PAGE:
• Subscription Pricing
  • Vehicle Subscriptions
  • Vehicle Adoption

Can Car Subscriptions Become Mainstream?

Sagie Evbenata
Mar 05, 2021

Guidehouse Insights

The launch of car subscription schemes by several automakers in 2017 seemed to herald a new era of vehicle financing. While subscription models had been established for corporate fleets, they were a niche offering for consumers. Cadillac, Volvo, and Porsche were among pioneering OEMs offering subscription options to appeal to the growing consumer demographic with less attachment to vehicle ownership and familiarity with the subscription concept. 

What Is Different About Subscriptions?

Car leasing is the most popular method for new car purchases in many markets (such as the UK and the US) but subscriptions theoretically offer a simpler, all-inclusive, and flexible approach. In addition to minimal upfront costs, subscriptions provide a hassle-free online experience with the convenience of bundling in other costs of car ownership—maintenance, servicing, connected vehicle and mobility services, breakdown assistance, and often insurance—into a single monthly payment. They also provide the flexibility of short contracts (typically 3 months’ notice compared to 24-48 month leasing contracts) and the ability to swap cars during the subscription. This enables customers to switch cars depending on their needs, be it winter driving or top-down summer cruising.

Mixed Fortunes

Automakers capitalized on the subscription trend to become more engaged with their customers, while effectively upselling related vehicle services and increasing margins. However, they have had mixed fortunes. Book by Cadillac was the first OEM car subscription but was paused in 2018 to refresh the program. In January 2021, BMW and Audi terminated their subscription programs, with both automakers citing their programs were pilots. Ford and Mercedes also ceased their involvement in car subscriptions. 

The prime obstacle has been the value to the consumer; the benefits need to offset high monthly premiums, which can be double the cost of leasing. Some of the benefits are of questionable value. For example, new cars will be within warranty during the subscription period, maintenance costs are likely to be low (especially where mileage limitations apply), and insurance options are limited and unlikely to be competitive.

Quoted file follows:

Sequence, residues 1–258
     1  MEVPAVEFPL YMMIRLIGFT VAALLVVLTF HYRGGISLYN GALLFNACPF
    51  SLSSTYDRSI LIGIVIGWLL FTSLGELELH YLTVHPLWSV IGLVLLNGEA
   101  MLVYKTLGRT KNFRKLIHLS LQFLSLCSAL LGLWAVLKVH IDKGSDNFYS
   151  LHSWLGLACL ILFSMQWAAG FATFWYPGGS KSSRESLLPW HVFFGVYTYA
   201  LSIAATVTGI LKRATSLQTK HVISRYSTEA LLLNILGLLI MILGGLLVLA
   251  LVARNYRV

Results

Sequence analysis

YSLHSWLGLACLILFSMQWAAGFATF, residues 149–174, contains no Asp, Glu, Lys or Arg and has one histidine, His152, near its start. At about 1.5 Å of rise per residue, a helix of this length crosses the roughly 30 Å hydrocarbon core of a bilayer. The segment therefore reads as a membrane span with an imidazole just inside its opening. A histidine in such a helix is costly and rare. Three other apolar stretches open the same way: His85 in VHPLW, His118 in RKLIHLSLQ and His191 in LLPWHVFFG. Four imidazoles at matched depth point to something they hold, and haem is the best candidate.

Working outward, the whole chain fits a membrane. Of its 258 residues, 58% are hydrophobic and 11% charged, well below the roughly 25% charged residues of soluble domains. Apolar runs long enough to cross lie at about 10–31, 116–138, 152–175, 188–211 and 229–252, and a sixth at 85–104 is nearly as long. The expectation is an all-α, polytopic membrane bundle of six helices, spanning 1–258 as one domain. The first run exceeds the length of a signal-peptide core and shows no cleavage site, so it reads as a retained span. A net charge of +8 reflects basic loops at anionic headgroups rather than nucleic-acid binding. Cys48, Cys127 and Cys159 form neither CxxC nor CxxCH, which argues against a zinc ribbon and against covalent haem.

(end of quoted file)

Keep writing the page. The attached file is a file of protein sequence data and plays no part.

OEMs have struggled to attract demand and learned tough lessons from running subscription programs, especially from operating costs related to fleet management, providing vehicle swapping benefits and the increased interaction required with customers. Furthermore, subscriptions are limited to a few cities and regions. However, while automakers such as Porsche and Volvo show signs of success and continue to offer their programs, providers such as ride-hailing operators, dealerships, and leasing and car rental companies show the most growth. They are set up for the challenges of fleet management and have the expertise and the footprint to expand the service. Startups such as Germany’s Cluno and Australian Carly also see potential and entered the mix.

Netflix for Cars?

Car subscriptions are often compared with Netflix, but there are significant differences between these services. Consumers who are already suffering from subscription fatigue will be wary of the monthly repayments for cars, which can be orders of magnitude higher than any other subscription. Joining fees, the time to acquire the vehicle, and notice periods or minimum terms result in substantially more friction for consumers to consider. 

Car subscriptions mainly have been limited to premium vehicles and described as toys for the rich; nevertheless, there is potential to become more mainstream by offering instantly available, non-premium, low mileage, used cars for lower monthly costs. While rental companies have already started offering this, automakers can also learn from pilot experiences and start to improve their conventional financing offerings to consumers.